Keep your garden tidy in Winter
In the dark, cold days of winter, there’s nothing better than getting cosy in your warm and festively decorated home. But for the few light hours of the day, this ideal image can soon be shattered by the state of your garden.
Colourless, wet and muddy winter gardens have nothing on the bright colours and new growth that comes with spring and summer. But that doesn’t mean your garden should be neglected during the December to March period. Your outdoor space can still be maintained and kept in good condition so it continues to provide a pleasant outlook for your home.
In this blog post, Lawnmowers Direct share their top tips for taking care of your garden in winter. Read on to find out how you can give your outdoor space a facelift this cold season.
Tip 1 – Keep it tidy!
Winter can be a bit of a down-time in the garden, with slow to no growth meaning very little maintenance to keep up with. Although there’s less grass cutting, plant trimming and watering to be done, there is one thing you can continue to do regularly to keep your garden in ship-shape.
And that’s keeping it tidy—from picking up fallen leaves from plants that have shut themselves down for the cold months of winter and removing debris that has blown into your garden to ensuring borders stay neat, simple tidying tasks can give your garden an instant face lift.
Whether you give yourself ten minutes a day or one hour a week, keeping some time back in your schedule to give your garden a little bit of TLC in the form of tidying will help it to stay looking at its finest for when spring rolls around.
Tip 2 – To mow, or not to mow?
Too often, garden novices think that they need to leave their lawn alone over the winter period. However, this can actually lead to more damage than some gentle maintenance.
Winter weather has a tendency to be volatile: one week it can be mild and wet, the next week, sub-zero temperatures and unrelenting frost. This can make knowing what to do in terms of lawn care tricky, but the best advice we can give is to just play it by ear.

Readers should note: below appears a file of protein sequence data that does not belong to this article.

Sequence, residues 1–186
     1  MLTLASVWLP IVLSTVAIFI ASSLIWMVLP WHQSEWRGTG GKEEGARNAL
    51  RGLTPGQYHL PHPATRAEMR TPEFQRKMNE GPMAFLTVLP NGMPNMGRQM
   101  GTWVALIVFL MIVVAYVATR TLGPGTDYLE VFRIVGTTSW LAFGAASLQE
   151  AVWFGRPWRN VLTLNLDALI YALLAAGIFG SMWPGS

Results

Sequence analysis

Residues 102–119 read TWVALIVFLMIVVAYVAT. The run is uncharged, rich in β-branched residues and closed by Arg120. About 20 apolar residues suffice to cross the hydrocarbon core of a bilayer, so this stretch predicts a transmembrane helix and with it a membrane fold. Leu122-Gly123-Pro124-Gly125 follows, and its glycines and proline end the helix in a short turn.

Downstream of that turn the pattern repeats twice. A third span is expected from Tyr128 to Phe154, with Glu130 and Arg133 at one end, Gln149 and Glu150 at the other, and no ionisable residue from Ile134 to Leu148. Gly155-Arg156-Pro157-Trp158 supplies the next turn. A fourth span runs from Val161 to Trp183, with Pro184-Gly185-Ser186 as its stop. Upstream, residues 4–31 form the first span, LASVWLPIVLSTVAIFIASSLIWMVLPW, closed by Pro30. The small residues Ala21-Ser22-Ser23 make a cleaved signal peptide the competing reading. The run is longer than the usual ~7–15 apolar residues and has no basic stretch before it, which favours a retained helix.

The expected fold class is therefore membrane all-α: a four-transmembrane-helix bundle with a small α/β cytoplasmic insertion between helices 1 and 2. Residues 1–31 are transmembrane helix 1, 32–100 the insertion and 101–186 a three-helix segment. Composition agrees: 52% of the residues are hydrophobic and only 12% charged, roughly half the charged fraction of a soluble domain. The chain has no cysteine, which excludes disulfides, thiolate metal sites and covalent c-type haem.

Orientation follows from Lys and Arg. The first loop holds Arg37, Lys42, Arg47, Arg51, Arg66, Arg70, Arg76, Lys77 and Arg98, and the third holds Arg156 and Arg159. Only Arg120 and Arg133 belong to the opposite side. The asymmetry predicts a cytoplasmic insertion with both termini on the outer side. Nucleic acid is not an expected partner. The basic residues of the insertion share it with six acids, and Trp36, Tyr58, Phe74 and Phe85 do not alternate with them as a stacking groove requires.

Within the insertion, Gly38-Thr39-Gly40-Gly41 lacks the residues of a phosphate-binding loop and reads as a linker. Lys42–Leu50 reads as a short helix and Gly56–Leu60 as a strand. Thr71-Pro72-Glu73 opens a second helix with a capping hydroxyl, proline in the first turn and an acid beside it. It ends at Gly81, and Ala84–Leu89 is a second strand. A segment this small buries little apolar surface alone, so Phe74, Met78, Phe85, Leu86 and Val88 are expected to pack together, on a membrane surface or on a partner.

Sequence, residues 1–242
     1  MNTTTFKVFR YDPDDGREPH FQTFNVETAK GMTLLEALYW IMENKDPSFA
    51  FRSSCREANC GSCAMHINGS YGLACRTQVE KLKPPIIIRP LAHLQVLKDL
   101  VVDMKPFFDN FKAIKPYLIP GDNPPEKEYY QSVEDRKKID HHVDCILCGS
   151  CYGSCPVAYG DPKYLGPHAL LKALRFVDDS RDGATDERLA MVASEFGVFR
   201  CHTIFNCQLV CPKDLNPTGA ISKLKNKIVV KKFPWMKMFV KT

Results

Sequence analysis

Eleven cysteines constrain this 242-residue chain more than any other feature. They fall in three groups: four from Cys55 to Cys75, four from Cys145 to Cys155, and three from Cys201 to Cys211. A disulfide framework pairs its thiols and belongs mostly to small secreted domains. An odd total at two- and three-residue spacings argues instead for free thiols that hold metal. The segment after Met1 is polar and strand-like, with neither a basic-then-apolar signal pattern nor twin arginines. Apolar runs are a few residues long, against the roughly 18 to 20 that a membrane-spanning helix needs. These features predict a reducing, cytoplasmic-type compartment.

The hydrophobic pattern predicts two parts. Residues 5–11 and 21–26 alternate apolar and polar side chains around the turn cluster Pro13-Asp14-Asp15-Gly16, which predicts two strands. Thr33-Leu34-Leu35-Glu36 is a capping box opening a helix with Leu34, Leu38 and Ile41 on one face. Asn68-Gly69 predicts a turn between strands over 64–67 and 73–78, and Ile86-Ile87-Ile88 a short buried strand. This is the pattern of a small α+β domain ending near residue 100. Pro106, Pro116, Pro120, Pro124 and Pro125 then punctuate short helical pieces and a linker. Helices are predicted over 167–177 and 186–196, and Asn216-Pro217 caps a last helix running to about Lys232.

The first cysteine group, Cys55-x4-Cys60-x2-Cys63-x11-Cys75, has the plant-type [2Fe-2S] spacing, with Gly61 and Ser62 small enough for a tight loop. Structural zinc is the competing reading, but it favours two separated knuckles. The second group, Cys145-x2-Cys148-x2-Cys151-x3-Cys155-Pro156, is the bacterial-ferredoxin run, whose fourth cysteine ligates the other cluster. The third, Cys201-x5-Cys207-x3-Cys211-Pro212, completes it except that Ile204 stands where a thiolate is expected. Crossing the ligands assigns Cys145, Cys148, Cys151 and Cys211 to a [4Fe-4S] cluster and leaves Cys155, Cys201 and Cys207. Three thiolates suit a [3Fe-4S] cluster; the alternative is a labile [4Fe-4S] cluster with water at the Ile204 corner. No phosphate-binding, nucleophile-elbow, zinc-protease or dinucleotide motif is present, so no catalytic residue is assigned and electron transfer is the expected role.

If your grass is getting long and limp and is at risk of becoming discoloured, giving it a cut on a high blade setting is a much better option than allowing it to continue to grow and smother itself. The key is to think about when you’re going to mow.
- Don’t mow when your lawn is wet – this can damage the lawn bed and increases the risk of grass being pulled out and leaving a patchy result.
- Don’t mow before a hard frost – Cutting your grass only to leave it exposed to minus temperatures can lead to permanent damage which could kill your lawn.
Obviously, finding a time where your lawn is completely dry is easier said than done, but waiting to cut your lawn until it is as dry as possible and using a high quality mower will reduce the risk of any damage.
Tip 3 – Create pathways
Winter is a notoriously wet season, and keeping particularly saturated and soft areas footprint and damage free should become a priority during this time of year. But if cutting off areas of your garden until the days begin to lengthen and things start to dry out isn’t an option, you need to come up with a quick and easy solution.
Creating pathways around your garden might seem like a drastic measure, but it’s one of the quickest, easiest and most effective solutions. Think about it, a pathway is far more visually appealing than a muddy trail.
Making this a reality doesn’t have to mean laying large slabs either. There’s plenty of creative options which allow you to design a pathway in keeping with your garden theme. From shingle borders to cobbled walkways to stylish paving, there’s a design option suitable for every garden space.
Although gardening during the winter period might not be as rewarding and relaxing as it is in the warmer, lighter months, it is nonetheless vital to keeping your garden in respectable shape. Following these tips will help you easily maintain your garden over winter so that, by the time spring rolls around, you’re in a good position to get your green fingers back to work!
BIO: This blog post was contributed by Lawnmowers Direct, an online supplier of garden machinery and tools.